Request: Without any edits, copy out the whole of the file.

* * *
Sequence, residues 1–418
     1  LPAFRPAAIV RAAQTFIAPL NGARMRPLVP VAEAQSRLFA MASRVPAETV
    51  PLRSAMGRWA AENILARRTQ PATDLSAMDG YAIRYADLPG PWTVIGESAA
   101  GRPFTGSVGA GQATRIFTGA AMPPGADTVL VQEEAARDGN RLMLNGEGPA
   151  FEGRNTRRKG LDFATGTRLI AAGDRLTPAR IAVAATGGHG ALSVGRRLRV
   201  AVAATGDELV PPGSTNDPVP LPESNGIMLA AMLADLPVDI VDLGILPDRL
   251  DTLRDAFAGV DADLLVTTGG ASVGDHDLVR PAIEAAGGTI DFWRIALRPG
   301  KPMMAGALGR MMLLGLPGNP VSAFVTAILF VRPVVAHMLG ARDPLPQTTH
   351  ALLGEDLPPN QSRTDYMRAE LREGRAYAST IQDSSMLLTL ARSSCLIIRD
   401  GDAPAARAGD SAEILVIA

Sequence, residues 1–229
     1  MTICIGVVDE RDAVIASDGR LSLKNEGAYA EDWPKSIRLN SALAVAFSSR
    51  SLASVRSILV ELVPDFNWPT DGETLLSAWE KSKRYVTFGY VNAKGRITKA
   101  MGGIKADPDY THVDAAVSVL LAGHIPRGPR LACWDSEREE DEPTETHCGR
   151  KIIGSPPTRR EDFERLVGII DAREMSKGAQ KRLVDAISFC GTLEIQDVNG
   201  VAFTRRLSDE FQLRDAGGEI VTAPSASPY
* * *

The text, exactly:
Sequence, residues 1–418
     1  LPAFRPAAIV RAAQTFIAPL NGARMRPLVP VAEAQSRLFA MASRVPAETV
    51  PLRSAMGRWA AENILARRTQ PATDLSAMDG YAIRYADLPG PWTVIGESAA
   101  GRPFTGSVGA GQATRIFTGA AMPPGADTVL VQEEAARDGN RLMLNGEGPA
   151  FEGRNTRRKG LDFATGTRLI AAGDRLTPAR IAVAATGGHG ALSVGRRLRV
   201  AVAATGDELV PPGSTNDPVP LPESNGIMLA AMLADLPVDI VDLGILPDRL
   251  DTLRDAFAGV DADLLVTTGG ASVGDHDLVR PAIEAAGGTI DFWRIALRPG
   301  KPMMAGALGR MMLLGLPGNP VSAFVTAILF VRPVVAHMLG ARDPLPQTTH
   351  ALLGEDLPPN QSRTDYMRAE LREGRAYAST IQDSSMLLTL ARSSCLIIRD
   401  GDAPAARAGD SAEILVIA

Sequence, residues 1–229
     1  MTICIGVVDE RDAVIASDGR LSLKNEGAYA EDWPKSIRLN SALAVAFSSR
    51  SLASVRSILV ELVPDFNWPT DGETLLSAWE KSKRYVTFGY VNAKGRITKA
   101  MGGIKADPDY THVDAAVSVL LAGHIPRGPR LACWDSEREE DEPTETHCGR
   151  KIIGSPPTRR EDFERLVGII DAREMSKGAQ KRLVDAISFC GTLEIQDVNG
   201  VAFTRRLSDE FQLRDAGGEI VTAPSASPY